An animated feature that has Will Smith’s Lance Sterling playing a smooth-talking, James Bond-like spy character… with a pigeon twist? That ought to be fun. Besides, who doesn’t want to see Will Smith turning into a pigeon? And that’s basically the major selling point in Spies in Disguise, which marks the feature-length directorial debuts of Nick Bruno and Troy Quane.
Spies in Disguise also gave us Tom Holland, who voices Walter Beckett — Will Smith’s unlikely nerdy sidekick and the one happens to be responsible for his physical transformation. Long story short and as expected, the two didn’t get along at the beginning but forced to work together to bring down a criminal mastermind, Killian (Ben Mendelsohn).
Other than the Will Smith turning into a pigeon novelty factor, this animated feature plays strictly by the numbers with every spy and action-movie tropes imaginable. This includes everything from James Bond and Mission: Impossible movies to buddy-comedy elements involving two mismatched partners (Will Smith and Tom Holland), complete with obligatory family-friendly lessons about trust and the importance of teamwork. It’s all familiar and predictable stuff, particularly if you have seen enough of these aforementioned genres.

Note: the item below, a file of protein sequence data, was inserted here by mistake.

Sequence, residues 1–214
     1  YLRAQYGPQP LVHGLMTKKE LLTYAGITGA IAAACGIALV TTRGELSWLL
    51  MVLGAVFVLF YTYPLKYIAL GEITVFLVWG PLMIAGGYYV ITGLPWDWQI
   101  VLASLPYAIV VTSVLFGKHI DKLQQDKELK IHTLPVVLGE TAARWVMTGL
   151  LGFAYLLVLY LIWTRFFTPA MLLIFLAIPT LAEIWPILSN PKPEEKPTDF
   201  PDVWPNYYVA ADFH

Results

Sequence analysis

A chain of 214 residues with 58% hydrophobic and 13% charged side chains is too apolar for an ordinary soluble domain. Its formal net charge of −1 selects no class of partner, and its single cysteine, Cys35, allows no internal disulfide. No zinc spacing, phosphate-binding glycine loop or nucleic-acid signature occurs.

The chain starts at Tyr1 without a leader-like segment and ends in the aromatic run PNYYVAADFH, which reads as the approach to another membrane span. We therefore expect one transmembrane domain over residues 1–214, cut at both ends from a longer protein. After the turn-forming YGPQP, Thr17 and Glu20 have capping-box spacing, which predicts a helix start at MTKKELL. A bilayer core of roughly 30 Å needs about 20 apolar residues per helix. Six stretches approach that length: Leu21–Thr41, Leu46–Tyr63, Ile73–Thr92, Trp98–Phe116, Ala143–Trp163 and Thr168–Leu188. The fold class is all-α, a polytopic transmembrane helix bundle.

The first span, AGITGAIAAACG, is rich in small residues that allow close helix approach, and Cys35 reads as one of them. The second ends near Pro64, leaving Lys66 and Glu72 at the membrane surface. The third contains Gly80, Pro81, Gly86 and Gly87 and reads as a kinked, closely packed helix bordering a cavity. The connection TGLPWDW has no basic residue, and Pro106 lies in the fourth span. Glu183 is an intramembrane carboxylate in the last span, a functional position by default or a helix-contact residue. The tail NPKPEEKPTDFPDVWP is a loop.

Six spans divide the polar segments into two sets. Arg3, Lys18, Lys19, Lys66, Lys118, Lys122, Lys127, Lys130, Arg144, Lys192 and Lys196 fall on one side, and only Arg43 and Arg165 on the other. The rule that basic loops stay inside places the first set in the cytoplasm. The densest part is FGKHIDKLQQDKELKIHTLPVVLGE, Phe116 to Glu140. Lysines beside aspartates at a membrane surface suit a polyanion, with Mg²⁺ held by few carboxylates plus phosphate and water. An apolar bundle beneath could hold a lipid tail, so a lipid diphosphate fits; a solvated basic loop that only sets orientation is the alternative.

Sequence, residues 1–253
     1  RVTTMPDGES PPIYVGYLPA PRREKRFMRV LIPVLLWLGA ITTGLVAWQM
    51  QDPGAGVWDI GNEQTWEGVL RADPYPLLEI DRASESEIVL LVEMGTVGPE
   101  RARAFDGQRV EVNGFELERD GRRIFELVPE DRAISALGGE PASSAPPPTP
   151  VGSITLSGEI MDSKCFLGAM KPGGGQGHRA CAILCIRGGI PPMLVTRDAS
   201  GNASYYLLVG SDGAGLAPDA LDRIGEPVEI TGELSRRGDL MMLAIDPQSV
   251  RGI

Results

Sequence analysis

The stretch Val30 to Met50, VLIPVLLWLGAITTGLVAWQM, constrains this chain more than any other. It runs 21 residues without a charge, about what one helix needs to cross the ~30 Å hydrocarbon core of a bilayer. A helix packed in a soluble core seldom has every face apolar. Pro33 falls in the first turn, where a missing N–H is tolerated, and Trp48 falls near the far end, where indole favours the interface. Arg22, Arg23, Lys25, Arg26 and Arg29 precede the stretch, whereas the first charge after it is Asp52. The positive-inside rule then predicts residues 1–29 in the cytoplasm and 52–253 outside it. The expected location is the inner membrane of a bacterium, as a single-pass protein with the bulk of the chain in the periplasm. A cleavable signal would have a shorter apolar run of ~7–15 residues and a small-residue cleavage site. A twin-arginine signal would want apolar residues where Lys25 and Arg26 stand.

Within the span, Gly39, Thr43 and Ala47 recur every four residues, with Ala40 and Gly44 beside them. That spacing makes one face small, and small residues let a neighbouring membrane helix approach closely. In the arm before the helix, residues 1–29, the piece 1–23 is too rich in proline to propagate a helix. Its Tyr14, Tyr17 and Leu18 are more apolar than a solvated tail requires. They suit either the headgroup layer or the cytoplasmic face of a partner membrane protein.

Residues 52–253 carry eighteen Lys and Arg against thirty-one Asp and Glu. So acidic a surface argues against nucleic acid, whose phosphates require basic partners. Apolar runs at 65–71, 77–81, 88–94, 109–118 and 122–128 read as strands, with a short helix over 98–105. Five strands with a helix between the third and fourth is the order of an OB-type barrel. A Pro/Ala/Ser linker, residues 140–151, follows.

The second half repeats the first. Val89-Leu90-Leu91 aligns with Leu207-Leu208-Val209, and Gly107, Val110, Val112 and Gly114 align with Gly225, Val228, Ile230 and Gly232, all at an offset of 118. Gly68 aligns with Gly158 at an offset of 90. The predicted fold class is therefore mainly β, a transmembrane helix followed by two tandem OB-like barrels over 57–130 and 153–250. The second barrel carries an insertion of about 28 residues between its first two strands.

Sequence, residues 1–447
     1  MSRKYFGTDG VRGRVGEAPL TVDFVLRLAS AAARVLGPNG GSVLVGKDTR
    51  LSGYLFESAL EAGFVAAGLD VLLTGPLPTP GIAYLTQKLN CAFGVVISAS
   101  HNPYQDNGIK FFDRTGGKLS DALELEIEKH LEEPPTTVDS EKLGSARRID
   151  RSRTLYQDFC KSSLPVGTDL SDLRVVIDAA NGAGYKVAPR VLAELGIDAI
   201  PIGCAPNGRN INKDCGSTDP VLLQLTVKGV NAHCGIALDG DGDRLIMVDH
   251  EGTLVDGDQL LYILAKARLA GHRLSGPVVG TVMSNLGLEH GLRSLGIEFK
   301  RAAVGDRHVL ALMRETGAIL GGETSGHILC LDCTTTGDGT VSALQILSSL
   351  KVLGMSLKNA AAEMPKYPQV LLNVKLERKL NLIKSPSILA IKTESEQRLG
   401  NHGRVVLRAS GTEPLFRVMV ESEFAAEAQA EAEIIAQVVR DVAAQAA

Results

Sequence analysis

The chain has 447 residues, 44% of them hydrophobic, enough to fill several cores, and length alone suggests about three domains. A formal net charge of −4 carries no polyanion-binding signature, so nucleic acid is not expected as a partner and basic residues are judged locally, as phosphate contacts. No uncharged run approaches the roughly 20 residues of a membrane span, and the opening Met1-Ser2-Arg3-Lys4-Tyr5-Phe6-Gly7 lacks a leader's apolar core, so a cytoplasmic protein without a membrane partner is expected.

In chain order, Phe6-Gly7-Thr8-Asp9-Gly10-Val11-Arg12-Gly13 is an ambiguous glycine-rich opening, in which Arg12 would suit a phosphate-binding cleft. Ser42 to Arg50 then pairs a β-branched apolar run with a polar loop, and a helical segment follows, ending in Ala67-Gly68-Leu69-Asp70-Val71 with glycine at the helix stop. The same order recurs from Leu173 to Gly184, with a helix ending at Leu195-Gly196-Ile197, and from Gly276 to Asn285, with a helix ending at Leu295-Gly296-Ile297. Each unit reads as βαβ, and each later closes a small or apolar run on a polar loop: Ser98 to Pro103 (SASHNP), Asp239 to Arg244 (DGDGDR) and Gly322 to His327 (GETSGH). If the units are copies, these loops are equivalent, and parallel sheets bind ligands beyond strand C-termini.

That’s kind of a pity since the (voice) pairing of Will Smith and Tom Holland display excellent chemistry as two unlikely partners with different personalities. And likewise from the Blue Sky Studios of Ice Age and Rio fame, the animation is vibrant and full of energy. The pace is reasonably swift to keep you distracted throughout its compact 102-minute running time, even with all the clichés filling in at every corner.
Supporting voice roles are just as exceptional, particularly Rashida Jones as the relentless agent Marcy Kappel while Reba McEntire made quite an impression playing Lance Sterling’s no-nonsense superior who sounds like a dead ringer for the similarly raspy-voiced Holly Hunter.
But Spies in Disguise botches its opportunity to offer us a potentially memorable antagonist since hiring Ben Mendelsohn should have been an inspiring choice. Blame it on the writing, which doesn’t give him much to do other than relegating his voice acting to a garden-variety villain with a personal grudge.